Scientists from the Genome Sequencing Center (GSC) at Washington University School of Medicine in St. Louis will publish the completed DNA sequences of human chromosomes 2 and 4 in the April 7 issue of Nature.
With this publication, the GSC completes its contributions to initial human genome sequencing and early inventory of potentially interesting genetic features in the 23 human chromosomes. Researchers at the GSC were primarily responsible for chromosomes 2, 4, 7 and Y, producing the initial analyses of more than 20 percent of the human genome.
Other institutions that contributed to the sequencing and analysis of chromosomes 2 and 4 include the University of Washington School of Medicine, the European Molecular Biology Laboratory, Pennsylvania State University, Stanford Human Genome Center and Lawrence Livermore National Laboratory.
Chromosome 2 and chromosome 4 are approximately 237 million base pairs and 186 million base pairs long. Scientists confirmed the existence of a total of 1,346 protein-coding genes on chromosome 2 and 796 protein-coding genes on chromosome 4.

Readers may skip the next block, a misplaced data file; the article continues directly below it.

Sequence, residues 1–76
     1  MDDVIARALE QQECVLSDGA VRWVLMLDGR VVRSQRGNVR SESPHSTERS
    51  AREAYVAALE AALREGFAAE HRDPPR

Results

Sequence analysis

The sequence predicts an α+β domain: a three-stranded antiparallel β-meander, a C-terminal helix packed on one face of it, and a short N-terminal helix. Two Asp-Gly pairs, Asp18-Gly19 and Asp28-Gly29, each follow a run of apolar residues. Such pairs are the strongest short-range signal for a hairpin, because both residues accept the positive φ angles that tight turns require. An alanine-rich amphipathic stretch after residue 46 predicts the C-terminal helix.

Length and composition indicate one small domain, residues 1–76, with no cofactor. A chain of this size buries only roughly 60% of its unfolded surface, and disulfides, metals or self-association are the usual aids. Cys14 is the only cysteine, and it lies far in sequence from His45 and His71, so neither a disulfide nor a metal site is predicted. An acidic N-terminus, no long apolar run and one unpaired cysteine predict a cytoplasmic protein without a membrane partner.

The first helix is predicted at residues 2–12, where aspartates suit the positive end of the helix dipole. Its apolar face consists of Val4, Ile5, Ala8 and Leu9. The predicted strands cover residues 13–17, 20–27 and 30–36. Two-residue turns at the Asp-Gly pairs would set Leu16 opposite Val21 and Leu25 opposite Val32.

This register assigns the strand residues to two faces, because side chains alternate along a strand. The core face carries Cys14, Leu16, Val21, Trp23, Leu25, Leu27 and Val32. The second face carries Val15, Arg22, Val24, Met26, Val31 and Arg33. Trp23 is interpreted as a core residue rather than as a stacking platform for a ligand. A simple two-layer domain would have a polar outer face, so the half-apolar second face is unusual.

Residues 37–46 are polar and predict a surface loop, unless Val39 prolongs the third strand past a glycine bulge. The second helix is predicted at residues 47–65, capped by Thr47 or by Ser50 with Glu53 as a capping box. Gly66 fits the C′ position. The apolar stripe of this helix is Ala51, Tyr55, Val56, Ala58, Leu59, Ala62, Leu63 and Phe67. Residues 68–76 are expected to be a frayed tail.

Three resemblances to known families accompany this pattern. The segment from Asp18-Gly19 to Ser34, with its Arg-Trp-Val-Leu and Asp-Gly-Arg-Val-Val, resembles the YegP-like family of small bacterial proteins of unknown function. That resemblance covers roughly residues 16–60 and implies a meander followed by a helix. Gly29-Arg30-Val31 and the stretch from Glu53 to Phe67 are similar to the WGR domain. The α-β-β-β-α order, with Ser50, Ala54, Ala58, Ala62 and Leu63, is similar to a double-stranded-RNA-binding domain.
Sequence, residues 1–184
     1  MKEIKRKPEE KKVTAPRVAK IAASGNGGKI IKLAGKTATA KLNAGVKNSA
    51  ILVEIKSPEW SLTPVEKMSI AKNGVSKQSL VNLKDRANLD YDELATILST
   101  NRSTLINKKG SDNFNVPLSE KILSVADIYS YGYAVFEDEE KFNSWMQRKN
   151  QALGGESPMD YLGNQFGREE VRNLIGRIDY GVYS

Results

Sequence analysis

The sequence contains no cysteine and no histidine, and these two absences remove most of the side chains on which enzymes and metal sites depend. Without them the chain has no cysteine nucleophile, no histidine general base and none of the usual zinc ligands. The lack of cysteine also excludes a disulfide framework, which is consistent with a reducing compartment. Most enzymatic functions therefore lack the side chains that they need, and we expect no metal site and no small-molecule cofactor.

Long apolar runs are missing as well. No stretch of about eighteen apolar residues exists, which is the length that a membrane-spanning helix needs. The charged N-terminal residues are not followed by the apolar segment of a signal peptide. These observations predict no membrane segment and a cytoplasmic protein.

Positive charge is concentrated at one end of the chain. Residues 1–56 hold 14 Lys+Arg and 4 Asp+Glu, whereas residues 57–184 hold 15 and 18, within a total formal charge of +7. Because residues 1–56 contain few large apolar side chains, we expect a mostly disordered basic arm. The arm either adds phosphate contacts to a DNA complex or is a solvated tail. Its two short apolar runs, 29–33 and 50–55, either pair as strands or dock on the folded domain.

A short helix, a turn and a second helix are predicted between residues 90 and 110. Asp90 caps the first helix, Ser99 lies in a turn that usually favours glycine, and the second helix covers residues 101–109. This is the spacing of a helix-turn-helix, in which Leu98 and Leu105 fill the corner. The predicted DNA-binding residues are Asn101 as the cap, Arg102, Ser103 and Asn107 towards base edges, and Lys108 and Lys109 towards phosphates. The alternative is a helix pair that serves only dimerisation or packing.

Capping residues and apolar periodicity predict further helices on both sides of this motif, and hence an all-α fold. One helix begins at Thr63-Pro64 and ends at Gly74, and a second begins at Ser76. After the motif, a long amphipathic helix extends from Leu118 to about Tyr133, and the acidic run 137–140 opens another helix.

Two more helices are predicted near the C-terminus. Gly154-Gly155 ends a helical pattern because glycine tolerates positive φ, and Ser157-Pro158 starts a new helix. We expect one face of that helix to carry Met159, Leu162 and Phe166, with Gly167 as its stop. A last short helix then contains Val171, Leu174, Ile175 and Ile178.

Included on chromosomes 2 and 4 are genes previously linked to Huntington's disease, polycystic kidney disease, a form of muscular dystrophy, and Wolf-Hirschhorn syndrome, a condition that causes severe birth defects and mental retardation.
Human chromosome 2, the second largest human chromosome, originated during the evolution of Homo sapiens by the merger of two chimpanzee chromosomes recently renamed chimp chromosomes 2a and 2b. Other scientists had previously identified the area where the two chromosomes fused together. The new analysis further highlights the remnants of that merger, including a region of about 2.6 million base pa
Contact: Michael C. Purdy
Washington University School of Medicine